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Mural debuts in Venice

BY CORY PORTER | MAY 01, 2015 5:00 AM

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Most people with even a limited knowledge of fine arts have at least heard of Jackson Pollock — if not his name, then by the technique that made his work so famous, drip painting.

Sean O’Harrow, the director of the University of Iowa Museum of Art, said there’s much more to Pollock, his work, and his legacy than people give him credit for, and a new exhibition at the Peggy Guggenheim Collection in Venice, organized by the UI Art Museum, will show people just how influential and important Pollack was — and is still.

Beyond presenting Pollock in a new light, O’Harrow wants people to understand just how important the UI was in championing cutting-edge art.

“The reason we’re doing this is not only to further knowledge in the field but also to show the world that in Iowa, we have programs and educational offerings that are of global significance and that we’ve built these programs over many decades,” he said.

The history of Pollock’s Mural, which is the focal point of the show in Venice, titled, “Jackson Pollock’s Mural: Energy Made Visible,” in some way begins and ends in Iowa.

Pollock’s parents were born in Tingley, Iowa, so his roots were in part in Iowa, and the original owner of Mural and a patron of Pollock, Peggy Guggenheim, commissioned the painting in 1943. When she moved to Europe in 1947, she gave Mural to the UI, where it arrived in 1951, because she understood the importance of the school in relation to the future of art.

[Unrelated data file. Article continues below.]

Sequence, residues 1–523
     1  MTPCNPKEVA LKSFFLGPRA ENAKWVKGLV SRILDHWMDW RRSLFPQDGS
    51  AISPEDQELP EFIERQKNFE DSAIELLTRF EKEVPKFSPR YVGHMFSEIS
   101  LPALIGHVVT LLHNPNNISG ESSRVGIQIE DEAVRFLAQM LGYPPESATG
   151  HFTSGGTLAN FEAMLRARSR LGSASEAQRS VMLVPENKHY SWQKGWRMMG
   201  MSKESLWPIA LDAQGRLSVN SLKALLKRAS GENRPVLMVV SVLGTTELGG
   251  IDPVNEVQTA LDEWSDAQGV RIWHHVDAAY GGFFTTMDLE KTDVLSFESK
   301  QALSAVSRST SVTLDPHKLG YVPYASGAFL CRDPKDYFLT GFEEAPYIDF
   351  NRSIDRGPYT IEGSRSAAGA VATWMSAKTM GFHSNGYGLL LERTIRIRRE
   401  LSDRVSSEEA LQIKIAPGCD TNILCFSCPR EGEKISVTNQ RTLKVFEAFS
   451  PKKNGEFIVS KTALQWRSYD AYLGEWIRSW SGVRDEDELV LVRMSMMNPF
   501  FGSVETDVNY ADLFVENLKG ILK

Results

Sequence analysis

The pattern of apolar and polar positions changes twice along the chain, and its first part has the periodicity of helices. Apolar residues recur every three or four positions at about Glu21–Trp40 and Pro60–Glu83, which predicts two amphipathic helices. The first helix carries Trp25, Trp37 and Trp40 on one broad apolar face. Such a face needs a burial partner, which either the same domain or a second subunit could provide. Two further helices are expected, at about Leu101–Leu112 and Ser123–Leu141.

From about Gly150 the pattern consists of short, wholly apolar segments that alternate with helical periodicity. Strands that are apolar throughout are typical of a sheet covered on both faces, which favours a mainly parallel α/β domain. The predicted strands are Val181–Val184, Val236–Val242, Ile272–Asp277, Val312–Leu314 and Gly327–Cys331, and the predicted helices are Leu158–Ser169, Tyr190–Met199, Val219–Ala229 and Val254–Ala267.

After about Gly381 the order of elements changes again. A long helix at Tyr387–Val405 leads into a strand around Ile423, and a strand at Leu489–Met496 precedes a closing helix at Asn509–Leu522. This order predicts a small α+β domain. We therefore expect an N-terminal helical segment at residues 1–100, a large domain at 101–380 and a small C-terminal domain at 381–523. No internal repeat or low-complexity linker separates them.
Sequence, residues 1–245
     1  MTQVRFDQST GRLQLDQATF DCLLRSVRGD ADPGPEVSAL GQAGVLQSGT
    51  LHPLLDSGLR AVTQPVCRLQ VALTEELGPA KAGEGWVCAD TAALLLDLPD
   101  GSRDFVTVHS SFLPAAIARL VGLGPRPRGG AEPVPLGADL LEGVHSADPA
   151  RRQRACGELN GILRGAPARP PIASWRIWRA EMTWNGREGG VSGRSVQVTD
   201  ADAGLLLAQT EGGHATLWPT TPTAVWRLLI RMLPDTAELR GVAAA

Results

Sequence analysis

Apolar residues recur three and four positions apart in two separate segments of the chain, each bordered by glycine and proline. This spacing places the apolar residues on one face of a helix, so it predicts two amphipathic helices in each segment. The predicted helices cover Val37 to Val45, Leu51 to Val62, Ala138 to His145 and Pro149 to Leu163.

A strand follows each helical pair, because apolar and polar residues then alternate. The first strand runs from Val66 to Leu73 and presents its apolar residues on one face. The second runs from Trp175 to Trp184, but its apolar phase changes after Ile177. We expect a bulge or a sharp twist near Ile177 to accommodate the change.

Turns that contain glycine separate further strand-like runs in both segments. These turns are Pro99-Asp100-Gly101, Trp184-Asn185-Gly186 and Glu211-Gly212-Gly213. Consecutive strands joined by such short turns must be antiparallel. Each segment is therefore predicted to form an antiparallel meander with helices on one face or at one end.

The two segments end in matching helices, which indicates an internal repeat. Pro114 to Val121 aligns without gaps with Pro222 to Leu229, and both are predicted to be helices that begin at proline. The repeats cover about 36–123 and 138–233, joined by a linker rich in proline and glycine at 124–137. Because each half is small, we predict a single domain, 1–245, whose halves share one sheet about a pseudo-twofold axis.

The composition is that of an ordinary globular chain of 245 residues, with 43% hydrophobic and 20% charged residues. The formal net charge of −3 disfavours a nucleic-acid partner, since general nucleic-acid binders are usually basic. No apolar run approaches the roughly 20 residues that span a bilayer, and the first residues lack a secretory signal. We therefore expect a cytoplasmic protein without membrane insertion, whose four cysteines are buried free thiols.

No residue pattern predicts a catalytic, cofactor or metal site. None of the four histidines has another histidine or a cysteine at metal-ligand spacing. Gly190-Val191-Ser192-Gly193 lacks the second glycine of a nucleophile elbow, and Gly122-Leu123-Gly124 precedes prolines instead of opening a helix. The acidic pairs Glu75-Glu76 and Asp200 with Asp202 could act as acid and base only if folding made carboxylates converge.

“We were a key institution, we were one of the leading avant-garde art programs in the United States, and we would acquire works … that other institutions found too difficult to accept,” O’Harrow said.

Mural went through conservation and cleaning from 2012 to 2014, a result of collaboration between the Getty Conservation Institute and the J. Paul Getty Museum in Los Angeles. It then went on display from March to June 2014.

Following that, it was displayed at the Sioux City Art Center in 2014, in celebration of the center’s 100th anniversary.

“I [was] very pleased to be able to bring the Pollock to Sioux City, especially during our 100th anniversary celebration,” said Al Harris-Fernandez, director of the Sioux City Art Center. “We’ve always sought shows with high visibility, but obviously, this was an especially interesting one to do, because the importance of that particular painting and the relevance to Iowa.”

Harris-Fernandez said people not only came from across the country but from Canada and Mexico to see Mural.

After Venice, the exhibition will go to such places as Berlin and Malaga, Spain. Officials estimate it will return to the UI in 2018, following the completion of a new UI art museum.

Wallace Tomasini, an art professor at the UI since 1957, saw Mural sometime before 1951 while living in New York City.

“I found it intriguing; I wanted to find out what was the story and what was the artist trying to do, trying to tell me or anyone,” he said.


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